As I shared last week, we have a re-occuring sacred history as we understand it:
God makes a covenant, a promise, an agreement with God’s people.
We, the people, break the covenant.
God gets angry and punishes the people.
We, the people, repent and return to God.
God welcomes us home and creates another covenant with us.
God, through the incarnation, slipped into our human skin and broke this pattern (as we know it).
Our Gospel text this morning, it begins with Jesus addressing a question that has plagued all of our human history; it is the question about the cause and purpose of suffering.
Jesus seems to address two tragic, recent events that resulted in the loss of human life. He poses the question to the people, ‘do you believe that they were worse sinners than you’? Or, perhaps ‘do you think this was (divine) punishment for their sins’? Jesus is questioning the common perception of His day, which is a perception that continues into our time and in our place; it is the assumption that those who have experienced tragedy and those who have or are suffering in mind, body, or spirit is somehow more deserving of it than the rest. Jesus, however, seems to challenge this assumption and teaches about repentance and second chances through the parable for a fruitless fig tree.
Now, let us briefly switch gears to our 1 Corinthians text which I will connect with the Gospel. It reminds me of a sign that bears a well-known, truth filled quote, it reads: “Those who do not know history are condemned to repeat it”. The image of this sign is seared into my memory, for it hung above the seat of a dead religious leader named Jim Jones, at the time of the mass suicide and murder of their religious organization “The People’s Temple”.
The Apostle Paul wrote to the people in Corinth warning them to know their history in order that they would not be condemned to the same fate. But, instead that they may bring into reality the kingdom of God through God’s will.
Returning to the Gospel, Jesus is calling people to repentance, to second chances to bear fruit in our lives. For one reason, the history of Jim Jones and the Peoples’ Temple should not be repeated. But, it is not only religious history such as our sacred story, Jim Jones, or groups like the KKK that use religion as a false justification for evil; but also our secular and civil histories.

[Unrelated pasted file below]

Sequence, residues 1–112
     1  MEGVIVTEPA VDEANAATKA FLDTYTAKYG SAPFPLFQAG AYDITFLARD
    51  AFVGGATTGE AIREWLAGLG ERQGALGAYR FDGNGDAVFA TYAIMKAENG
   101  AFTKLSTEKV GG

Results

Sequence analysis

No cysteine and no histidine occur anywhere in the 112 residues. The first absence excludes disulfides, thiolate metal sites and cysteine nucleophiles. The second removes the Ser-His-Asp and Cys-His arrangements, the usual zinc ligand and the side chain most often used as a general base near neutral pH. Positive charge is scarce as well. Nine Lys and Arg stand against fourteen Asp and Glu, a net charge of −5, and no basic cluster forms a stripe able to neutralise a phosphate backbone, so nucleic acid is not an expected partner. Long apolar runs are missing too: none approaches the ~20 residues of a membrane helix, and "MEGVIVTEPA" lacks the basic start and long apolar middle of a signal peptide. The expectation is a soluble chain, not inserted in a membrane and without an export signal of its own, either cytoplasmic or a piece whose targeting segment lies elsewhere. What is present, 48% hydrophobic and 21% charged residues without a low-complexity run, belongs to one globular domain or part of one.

For example, I have a LOVE – HATE relationship with the 1950s.
On the one hand, the nostalgia of the 1950s is alluring.
My kitchen and dining room are themed as a 1950s Coca-Cola diner. The music is fun. Some of the fashion was simply adorable. AND do not get me started on those amazing muscle cars.
BUT the 1950s were not perfect. The 1950s were tainted with oppression, racism, and sexism. I believe, we can agree that that should NOT be repeated.
So, in light of Jesus’ question, His teaching of the fig tree, Paul’s letter to the Corinthians, and our Lenten journey of reflecting, reconnecting, and being transformed… I encourage all of us to reflect upon our histories and ponder a few challenging questions:
(1) What history do we need to oppose to avoiding being condemned to repeating it?
(2) What history do we need to nourish, in order that it can be repeated and bear life-giving fruit or bring forth God’s Kingdom?
(3) and how are you going to be active in that?
I hope you are hearing that we, through our human agency, have the ability to nourish either hate, sexism, and racism…or love and service to flourish in the future. And that every second is another second chance to bear life-giving fruit for the world. Amen.
1 Corinthians 10: 1-13
Luke 13: 1-9
A version of this sermon was preached at Gloria Dei Lutheran Church (Kelso) on Sunday, Feb. 28, 2016.